(Screen Shot credit, Rare)
President Obama’s threatened veto of legislation defining full-time work as 40 hours a week instead of 30 hours reneges on another of his many Obamacare promises.
For four years we’ve heard the president repeatedly boast that he is willing to work with Republicans if they propose changes to improve Obamacare rather than repeal it.
That boast was a lie and his veto threat proves it.
Obamacare requires employers with 50 or more full-time employees to provide health insurance or pay a fine. That employer mandate means the government must define a full-time employee. The law sets it as someone who works 30 hours or more a week.
For the last few years there have been numerous reports of employers shifting their employees who were working 35 or 40 hours a week to 29 hours or fewer. That employee category even has a name: the “29ers.”
I’ve interviewed several people myself who told me their employers had sent out notices informing them that they would soon be limited to 29 hours a week. In most cases the only explanation given was an effort to control costs.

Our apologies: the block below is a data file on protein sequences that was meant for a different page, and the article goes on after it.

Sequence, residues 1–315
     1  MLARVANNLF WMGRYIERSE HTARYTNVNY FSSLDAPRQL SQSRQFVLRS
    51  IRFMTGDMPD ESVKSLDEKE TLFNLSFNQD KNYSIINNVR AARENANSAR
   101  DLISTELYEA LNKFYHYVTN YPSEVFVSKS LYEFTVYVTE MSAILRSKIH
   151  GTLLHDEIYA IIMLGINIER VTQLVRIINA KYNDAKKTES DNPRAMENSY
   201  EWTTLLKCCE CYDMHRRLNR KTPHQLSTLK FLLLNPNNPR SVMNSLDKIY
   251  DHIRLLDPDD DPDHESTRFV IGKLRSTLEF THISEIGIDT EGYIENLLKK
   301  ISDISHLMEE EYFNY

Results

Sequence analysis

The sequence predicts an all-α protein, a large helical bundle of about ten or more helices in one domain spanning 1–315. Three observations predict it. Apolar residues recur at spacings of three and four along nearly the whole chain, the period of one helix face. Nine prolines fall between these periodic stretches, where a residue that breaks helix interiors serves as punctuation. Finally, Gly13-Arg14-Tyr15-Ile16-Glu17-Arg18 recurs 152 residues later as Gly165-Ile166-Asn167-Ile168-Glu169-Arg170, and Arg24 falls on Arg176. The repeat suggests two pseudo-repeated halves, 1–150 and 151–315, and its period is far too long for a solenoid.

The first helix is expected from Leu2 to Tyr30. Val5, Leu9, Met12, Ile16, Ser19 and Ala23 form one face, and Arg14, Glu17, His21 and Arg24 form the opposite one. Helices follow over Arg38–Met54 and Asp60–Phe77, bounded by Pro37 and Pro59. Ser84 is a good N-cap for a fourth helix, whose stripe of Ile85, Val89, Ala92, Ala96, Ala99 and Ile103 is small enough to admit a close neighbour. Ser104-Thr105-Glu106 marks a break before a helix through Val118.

Of course, the vast majority of employers don’t announce they are making those changes because of Obamacare; the last thing they want to do is tick off an administration—which includes the IRS—that can be very vindictive.
Republicans listened to ongoing complaints from employer groups and workers and decided that one of the first things they would do if they had control of the House and Senate would be to sponsor legislation changing the definition of full time under Obamacare to 40 hours a week.
The House just passed its version, with more than a dozen Democrats voting for it, and there are at least a few Senate Democrats who will vote yea also.
Obama doesn’t care. He says if the bill gets to his desk he’ll veto it, even though the bipartisan bill clearly addresses a flaw in Obamacare.
Democrats say changing the full-time definition would hurt working Americans because some employers would shift 40-hour workers to 39 hours to avoid the insurance mandate. And that’s certainly possible, but most working Americans would take 39 hours a week over 29.
But here again the president and the Democrats who back him on this issue demonstrate their utter lack of understanding of how the economy works.
Those most likely to not have employer-provided coverage tend to be in lower-paid jobs that often demand more flexible work patterns. Employees may work 32 hours one week, 38 the next and 45 the next, depending on the employer’s needs and other employees’ availability. Think of the restaurant, hotel and other service sector industries.
Read more at Rare